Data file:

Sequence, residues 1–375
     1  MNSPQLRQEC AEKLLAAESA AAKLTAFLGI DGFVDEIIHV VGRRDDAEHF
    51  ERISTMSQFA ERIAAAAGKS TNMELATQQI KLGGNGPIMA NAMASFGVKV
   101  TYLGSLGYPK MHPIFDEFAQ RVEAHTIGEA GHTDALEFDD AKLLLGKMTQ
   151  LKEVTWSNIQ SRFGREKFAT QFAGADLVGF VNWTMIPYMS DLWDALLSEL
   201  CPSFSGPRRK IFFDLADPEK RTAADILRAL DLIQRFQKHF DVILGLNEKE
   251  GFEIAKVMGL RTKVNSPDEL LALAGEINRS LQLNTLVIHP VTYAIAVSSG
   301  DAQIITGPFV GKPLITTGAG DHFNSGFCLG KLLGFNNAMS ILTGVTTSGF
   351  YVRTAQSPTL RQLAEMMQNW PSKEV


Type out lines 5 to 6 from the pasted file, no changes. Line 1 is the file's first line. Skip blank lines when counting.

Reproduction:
   151  LKEVTWSNIQ SRFGREKFAT QFAGADLVGF VNWTMIPYMS DLWDALLSEL
   201  CPSFSGPRRK IFFDLADPEK RTAADILRAL DLIQRFQKHF DVILGLNEKE